The Nature Conservancy has long recognized the importance of America’s public lands. Americans look to our beloved landscape not only to support and enrich our lives, but also in overcoming times of crisis.
From the Civil War to the Great Depression, America has turned to conservation to sustain and heal our nation.
- The siege of Petersburg, Virginia, had only just begun when President Lincoln authorized California to protect Yosemite Valley and Mariposa Grove "for public use, resort and recreation."
- To save a generation of young men as well as our land, President Franklin Roosevelt launched the Civilian Conservation Corps in Virginia’s national forests. The CCC ultimately restored natural resources in every state (including Alaska and Hawaii, then U.S. territories) and enhanced access for all Americans.
Today, the Conservancy supports policy initiatives such as America’s Great Outdoors and urges a permanent commitment to the Land and Water Conservation Fund.
Of course, the Conservancy also has a long history of working with local, state and federal entities to establish and expand popular and iconic places. While the sites below represent only a fraction of our projects in Texas, we hope these highlights will inspire you to explore and protect our great outdoors.
After all, this land is your land.
In 1987, the Conservancy donated 67,000 acres to expand one of the nation’s most iconic national parks – Big Bend. Its features include 118 miles of the Rio Grande running like a green ribbon through deep canyons and the Chisos Mountains, which rear more than a mile high from an arid plain to form a forested sky island.
Purchased by the Conservancy at the urging of Ladybird Johnson in 1978, the granite dome rising 425 feet above Big Sandy Creek near Fredericksburg was recently designated a National Natural Landmark, but it had already been well known as “enchanted” since the early 1800s, according to centuries-old legends.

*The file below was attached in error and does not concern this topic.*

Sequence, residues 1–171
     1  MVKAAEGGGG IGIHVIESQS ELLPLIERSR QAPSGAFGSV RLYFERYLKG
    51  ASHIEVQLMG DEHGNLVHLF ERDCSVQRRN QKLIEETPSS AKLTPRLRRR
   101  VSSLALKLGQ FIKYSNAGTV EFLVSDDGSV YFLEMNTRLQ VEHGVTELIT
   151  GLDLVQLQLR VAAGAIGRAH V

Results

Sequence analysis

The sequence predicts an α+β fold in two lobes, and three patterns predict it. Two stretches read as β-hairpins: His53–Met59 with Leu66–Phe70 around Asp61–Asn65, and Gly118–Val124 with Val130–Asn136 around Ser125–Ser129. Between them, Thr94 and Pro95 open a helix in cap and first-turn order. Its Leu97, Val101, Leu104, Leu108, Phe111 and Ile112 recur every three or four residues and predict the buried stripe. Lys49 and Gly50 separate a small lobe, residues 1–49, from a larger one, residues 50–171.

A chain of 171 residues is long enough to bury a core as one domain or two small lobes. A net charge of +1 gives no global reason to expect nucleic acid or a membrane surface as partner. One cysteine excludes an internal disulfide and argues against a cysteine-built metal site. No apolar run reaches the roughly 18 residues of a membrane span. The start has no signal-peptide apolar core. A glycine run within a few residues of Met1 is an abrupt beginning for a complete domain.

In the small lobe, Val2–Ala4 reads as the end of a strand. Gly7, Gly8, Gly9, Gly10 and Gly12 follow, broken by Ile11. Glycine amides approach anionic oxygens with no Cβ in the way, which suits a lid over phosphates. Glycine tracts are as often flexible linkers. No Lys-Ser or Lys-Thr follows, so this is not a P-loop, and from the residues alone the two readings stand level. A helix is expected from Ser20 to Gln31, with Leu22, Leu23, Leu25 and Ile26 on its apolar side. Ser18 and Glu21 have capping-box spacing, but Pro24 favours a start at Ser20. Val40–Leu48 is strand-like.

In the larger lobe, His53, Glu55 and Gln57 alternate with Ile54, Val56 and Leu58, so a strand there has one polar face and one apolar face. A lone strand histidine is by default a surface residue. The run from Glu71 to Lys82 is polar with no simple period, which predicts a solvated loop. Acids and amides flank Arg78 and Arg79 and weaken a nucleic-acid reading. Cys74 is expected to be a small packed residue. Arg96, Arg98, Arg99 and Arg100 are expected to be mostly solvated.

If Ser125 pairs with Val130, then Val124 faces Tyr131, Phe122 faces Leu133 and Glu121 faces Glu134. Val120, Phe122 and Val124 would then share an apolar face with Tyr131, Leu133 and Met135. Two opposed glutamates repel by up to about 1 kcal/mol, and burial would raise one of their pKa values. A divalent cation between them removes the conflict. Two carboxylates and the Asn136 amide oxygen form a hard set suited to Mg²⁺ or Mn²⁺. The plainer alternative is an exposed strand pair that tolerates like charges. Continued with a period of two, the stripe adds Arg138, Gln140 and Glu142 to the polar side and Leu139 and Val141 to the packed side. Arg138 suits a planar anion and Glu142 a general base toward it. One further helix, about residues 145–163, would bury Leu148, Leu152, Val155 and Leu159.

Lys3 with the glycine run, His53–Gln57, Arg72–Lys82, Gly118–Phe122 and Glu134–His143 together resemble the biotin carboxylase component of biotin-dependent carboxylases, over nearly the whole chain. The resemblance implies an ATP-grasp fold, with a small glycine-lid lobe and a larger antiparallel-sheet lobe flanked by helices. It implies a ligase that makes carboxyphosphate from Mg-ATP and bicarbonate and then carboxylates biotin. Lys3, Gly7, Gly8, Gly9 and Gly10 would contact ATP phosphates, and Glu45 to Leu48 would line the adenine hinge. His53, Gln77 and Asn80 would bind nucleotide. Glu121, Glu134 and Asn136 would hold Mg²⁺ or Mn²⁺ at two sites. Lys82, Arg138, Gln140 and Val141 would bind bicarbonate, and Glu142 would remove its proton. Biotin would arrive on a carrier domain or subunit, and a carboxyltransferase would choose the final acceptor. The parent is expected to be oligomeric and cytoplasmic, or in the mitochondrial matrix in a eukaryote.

In 1987 the Conservancy acquired and conveyed 5,700 acres to Texas Parks and Wildlife Department to create the Mad Island Marsh Wildlife Management Area—a move that protected habitat that is critically important to the more than 160 species of resident shorebirds, wading birds and songbirds that use the area for feeding, nesting and roosting. In addition, 16 species of ducks and four species of geese, plus tropical migrants, are found here and at the Conservancy’s adjacent Mad Island Marsh Preserve.
Between 1991 and 1997, the Conservancy acquired and conveyed 6,500 acres to Texas Parks and Wildlife Department at Caddo Lake. Formed by Big Cypress Bayou, Caddo Lake and its wetlands make up one of only 27 wetlands in the United States recognized by the Ramsar Convention on Wetlands, an international treaty that recognizes exemplary wetland systems across the world.
In 1981 the Conservancy helped preserve a Hill County jewel, Honey Creek, when the organization transferred 1,825 acres to Texas Parks and Wildlife Department. Today visitors at Honey Creek may spot animals ranging from deer, jackrabbits, wild turkeys and ringtails to leopard frogs, golden-cheeked warblers, green kingfishers, and Texas salamanders. Ranging from upland flats with native grasses like Indiangrass and little bluestem, to Honey Creek’s narrow floodplain lined with sycamores and bald cypress trees, the flora here rivals fauna.
In 2001 the Conservancy conveyed 23,000 acres on South Padre Island to the U.S. Fish and Wildlife Service to protect nesting habitat for the most endangered sea turtle in the world—the Kemp’s Ridley. The Conservancy donated the remaining 1,500 acres in 2007. Beach-loving visitors to the refuge can spot dozens of bird species or fish for speckled trout and redfish.
The Conservancy acquired and conveyed to Texas Parks and Wildlife Department 77 acres here in 1977, expanding the park that preserves the site of the Battle of San Jacinto which brought Texas its independence. Now encompassing 1,200 acres, visitors here can learn about the battle in which troops under the command of General Sam Houston defeated a Mexican army led by General Antonio Lopez de Santa Anna in 1836.
In 1991 the Conservancy helped create a national wildlife refuge near Austin when it acquired and conveyed 2,200 acres to the U.S. Fish and Wildlife Service. The limestone hills and spring-fed canyons that make up most of the refuge protects nesting habitat for two endangered birds—the black-capped vireo and the golden-cheeked warbler. The Conservancy also owns an Austin-area site aimed at protecting habitat for these endangered birds—Barton Creek Preserve.